Magic Mountain was one of the first dive sites on the trip. Our eyes and our mind were already amazed by the richness and beauty of the previous immersions where, among other things, a few pygmy seahorses and colorful shrimps of various shapes were seen. There, clouds of fish made up of thousands of individuals as well as a splendid underwater decor flirted and played with the reflection of the surface. At that time, we did not expect a second to attend the spectacle which was going to be offered to us. After barely two minutes of immersion and we saw a Manta ray hovering between the water. By paying a little more attention, we could vaguely distinguish other dark forms in the distance.
It was not one but eight Manta rays (Mobula alfreidi) that swam around us. The show was absolutely magical!
The magic of the moment was also due to the decor in which these giants of the seas were evolving: a reef overflowing with life and color where anthias, schools of carnage and platax worked their way through the incessant ballet of the Mantas. The presence of potato groupers and napoleons was not anecdotal. However, one of the Manta ray was different from its peers because of its plump belly and its cephalic fins were swollen. No doubt the birth was iminent, this future mother was followed by many males and the school was about to welcome a new member.
A school of orbicular batfish (Platax orbicula- ris) photographed on the Magic Mountain dive site.
Reef manta ray (Mobula alfreidi) ready to give birth.
[Picture 1]: The fantastic ballet of manta reefs (Mobula alfreidi).
Attention, Manta enceinte en approche!
Mobula ray of reef "Black & White"
[Picture 2]: Reef manta ray ready to give birth.
[Picture 3]: A magnificent Napoleon (Cheilinus undulatus) followed by a blue trevally (Caranx melampygus) who never stray too far from this specimen. It is rare to be able to photograph Napoleon fish so closely without attracting them by feeding (not to practice).
[Picture 4]: An underwater formation colonized by multicolored soft corals
[Image 5]: A sea arch from the Misool region
Following this incredible dive with manta rays, it was inconceivable to dive only once on a spot as fantastic as Magic Mountain! So, we asked to go back there the next day at roughly the same time in the late after- noon around 4 p.m. Were the Manta rays going to offer us a new ballet? Nothing was less certain! After a few minutes to move in the midst of the batfish and other tropical fish, the sky suddenly covered, the light suddenly disappeared! Did a cloud hide the sun? No!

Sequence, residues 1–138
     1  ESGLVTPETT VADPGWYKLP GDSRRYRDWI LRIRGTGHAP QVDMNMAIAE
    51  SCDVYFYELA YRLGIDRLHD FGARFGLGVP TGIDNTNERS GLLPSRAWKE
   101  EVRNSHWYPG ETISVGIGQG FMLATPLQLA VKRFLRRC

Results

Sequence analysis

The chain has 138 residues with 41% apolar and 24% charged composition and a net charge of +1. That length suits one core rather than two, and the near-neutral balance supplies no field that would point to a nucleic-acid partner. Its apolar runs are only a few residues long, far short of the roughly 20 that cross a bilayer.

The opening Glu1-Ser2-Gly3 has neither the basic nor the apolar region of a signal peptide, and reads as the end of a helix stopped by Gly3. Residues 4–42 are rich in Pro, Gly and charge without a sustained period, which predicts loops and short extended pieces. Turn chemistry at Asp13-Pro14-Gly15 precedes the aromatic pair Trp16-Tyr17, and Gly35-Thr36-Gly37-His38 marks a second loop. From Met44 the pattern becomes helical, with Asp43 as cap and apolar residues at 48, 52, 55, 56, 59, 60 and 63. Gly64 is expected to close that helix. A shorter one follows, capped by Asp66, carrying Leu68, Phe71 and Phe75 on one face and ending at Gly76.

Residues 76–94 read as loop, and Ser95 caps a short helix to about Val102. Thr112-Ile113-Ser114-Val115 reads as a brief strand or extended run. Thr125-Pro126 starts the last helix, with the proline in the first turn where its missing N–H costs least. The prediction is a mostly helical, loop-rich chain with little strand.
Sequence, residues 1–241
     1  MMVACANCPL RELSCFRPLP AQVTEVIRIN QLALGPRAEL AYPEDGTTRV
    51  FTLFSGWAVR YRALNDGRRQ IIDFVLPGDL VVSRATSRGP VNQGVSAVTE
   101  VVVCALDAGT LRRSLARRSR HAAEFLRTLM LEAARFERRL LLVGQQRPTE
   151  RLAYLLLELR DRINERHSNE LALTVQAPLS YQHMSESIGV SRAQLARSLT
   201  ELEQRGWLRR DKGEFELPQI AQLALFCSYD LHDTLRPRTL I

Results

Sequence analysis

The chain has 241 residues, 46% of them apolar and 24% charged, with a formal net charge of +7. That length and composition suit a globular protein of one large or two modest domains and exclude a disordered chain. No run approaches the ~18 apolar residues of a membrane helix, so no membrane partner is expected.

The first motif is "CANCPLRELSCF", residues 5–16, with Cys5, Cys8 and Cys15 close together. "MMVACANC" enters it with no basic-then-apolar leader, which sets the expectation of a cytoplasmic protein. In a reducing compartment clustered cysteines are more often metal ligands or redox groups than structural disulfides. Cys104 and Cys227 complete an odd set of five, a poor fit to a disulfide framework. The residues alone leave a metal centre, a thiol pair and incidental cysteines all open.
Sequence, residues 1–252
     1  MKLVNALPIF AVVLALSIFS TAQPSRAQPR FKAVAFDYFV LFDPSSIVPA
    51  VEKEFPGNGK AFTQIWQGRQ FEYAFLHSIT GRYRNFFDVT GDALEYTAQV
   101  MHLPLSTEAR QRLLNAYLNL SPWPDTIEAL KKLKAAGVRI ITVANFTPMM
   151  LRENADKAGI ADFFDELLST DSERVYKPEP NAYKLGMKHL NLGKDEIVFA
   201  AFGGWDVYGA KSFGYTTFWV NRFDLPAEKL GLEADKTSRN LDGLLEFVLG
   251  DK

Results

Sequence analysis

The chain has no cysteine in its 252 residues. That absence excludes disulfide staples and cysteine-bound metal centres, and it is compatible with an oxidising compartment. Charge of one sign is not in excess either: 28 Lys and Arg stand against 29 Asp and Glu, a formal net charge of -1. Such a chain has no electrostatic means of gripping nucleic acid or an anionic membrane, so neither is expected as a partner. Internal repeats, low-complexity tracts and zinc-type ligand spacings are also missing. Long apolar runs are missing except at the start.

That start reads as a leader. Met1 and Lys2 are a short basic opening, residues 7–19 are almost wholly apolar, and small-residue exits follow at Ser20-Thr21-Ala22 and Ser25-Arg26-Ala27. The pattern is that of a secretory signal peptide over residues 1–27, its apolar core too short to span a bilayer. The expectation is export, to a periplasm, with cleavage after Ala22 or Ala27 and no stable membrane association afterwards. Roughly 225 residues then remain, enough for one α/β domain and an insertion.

Out of nowhere, an Oceanic Manta ray (Mobula birostris) sliding between two waters obstructed the sun.
It was of gigantic size, much larger than the Manta rays of reef of the previous day which already made four meters fifty of span. This one had to exceed six meters. We were amazed by her majestic swimming and her extraordinary size. Our presence clearly did not seem to worry or disturb her during her many visits. We stayed motionless as close as possible to the reef, with our bubble-free rebreathers we then became almost invisible. It is the magic of diving in a rebreather that allows you to observe and contemplate this underwater world as it acts and interacts without the presence of man. This is how I was able to take some photographs of this majestic Manta as close as possible to the reef and its inhabitants with fins. Unquestionably, dives on Magic Mountain have their place in the top ten of the most beautiful dives of my life!
Oceanic manta ray against the light (Mobula biros- tris).
Océanic manta ray (Manta birostris) photographed on a magnificent coral reef overflowing with life
We do not realize it in the photo, but this Ocean Manta ray is huge !!!
Certainly one of the most beautiful photos of this cruise, and one of the most beautiful moments with this magnificent and gigantic ocean manta ray (not to be confused with its cousins the much smaller Mobula alfréidi rays). They were spinning gracefully on the Magic Mountain reef. I took the opportunity to photograph it with this magnificent underwater scenery.
A yellow alkionaire contrasts with blue.
Coral potato colonized by a great diversity of gorgo- nians of different colors.
School of orbicular batfish encountered at the Magic Mountain site.